Red Bull Racing Plunges Into America's Cup Design and Tech Competition

Red Bull Launch 12 photos
Photo: Red Bull Racing
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Red Bull Racing began its campaign in earnest on August 8th to challenge for America's Cup by splashing their AC75 racing boat into the waters of Port Vell in Barcelona, Spain. The city will host the 37th America's Cup, set to kick off in September of 2024.
That's right, the team will compete for a trophy, known as the Auld Mug, which is awarded to the winner of the oldest still operating competition in international sports.

The competition was first held in 1851 and hosted by the Royal Yacht Club of Britain with a race around the Isle of Wright. The 53-mile race was won by a 101-foot (31 meters) Schooner called 'America' owned by syndicate members from the New York Yacht Club. The Auld Mug would later be named after the first winner of the competition.

Auld Mug
Photo: Hamish Hooper
As I read the 130-plus words I had just written, it dawned on me that I did not use the term 'sailing'....and that's the point. America's Cup competition is not a sailing competition by any stretch. It is simply a design and technology get-together at sea where the winner is determined by the best-designed watercraft and the team's ability to use technology to finish a course ahead of all other competitors.

Beginning with the last Cup competition in 2021, the crafts used are no longer referred to as sailboats, but 'foiling monohulls'. Impressive as they are, sailors do not wear helmets!

The competition, held every three-plus to four years, is an undertaking reserved for the super-rich with mounds of disposable income, hungry for a place in history. There is no money to be made, the winner gets a 171-year-old mug/cup and the honor of hosting the next event.....that's it!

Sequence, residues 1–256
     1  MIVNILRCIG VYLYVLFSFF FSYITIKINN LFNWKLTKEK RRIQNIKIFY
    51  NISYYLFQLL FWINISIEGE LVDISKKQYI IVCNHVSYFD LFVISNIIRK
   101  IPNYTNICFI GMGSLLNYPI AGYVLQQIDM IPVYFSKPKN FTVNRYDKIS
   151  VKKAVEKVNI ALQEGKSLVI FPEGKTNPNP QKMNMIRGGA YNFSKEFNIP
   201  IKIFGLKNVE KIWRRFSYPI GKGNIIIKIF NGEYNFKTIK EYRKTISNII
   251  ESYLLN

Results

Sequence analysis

Sure, there are sponsors to court to help fund the endeavor that pay big bucks to have the names and logos emblazoned on the sails (which are actually vertical wings). Each craft has approximately 2,500 square feet (232 square meters) of billboard space for advertisers to promote their wares. You will not find Joe's Bar-b-cue logo because the space is reserved for big boys such as Oracle, Ineos, Prada, Emirates, Omega, and Pirelli.

It's understandable for tech companies to be involved as the crafts are controlled by technology. There are likely more IT guys aboard a foil than true sailors. No longer, is it necessary to rely on instincts and experience to judge the timing of a wind shift, a computer will determine weather events; even sail 'wing' trim is computer-aided. One has to wonder what Pirelli has to do with foil racing other than the desire to promote their brand.

Big money is also paid by host cities to the defender who is afforded the ability to choose a host based on their possession of the cup/mug. Oftentimes, just as in the Olympics, the host is chosen by the money they are willing to pony up. It is big business for the host as well; 2021 host Auckland, estimated the event contributed over $1 billion (974 million euros) to the local economy however, New Zealand lost $156.1 million (152 million euros) on hosting the event.

Red Bull Alinghi
Photo: Red Bull Racing
In order to mount any sort of reasonable challenge to the defender of the cup, one must invest hundreds of millions of dollars to design and build a craft and hire a team or syndicate as they are called, to support the effort over the course of years. The mono-hulls can range from $12 million (11.7 million euro) to $18 million (17.5 million euro) and syndicates often have two.

Sailing has given way to foiling, relying on computer-generated strategies to deal with weather conditions versus the skills a sailor has honed over years at the helm. This writer has really never understood the human need to race a sailboat anyway.

It never has been about the destination for me, but the journey.
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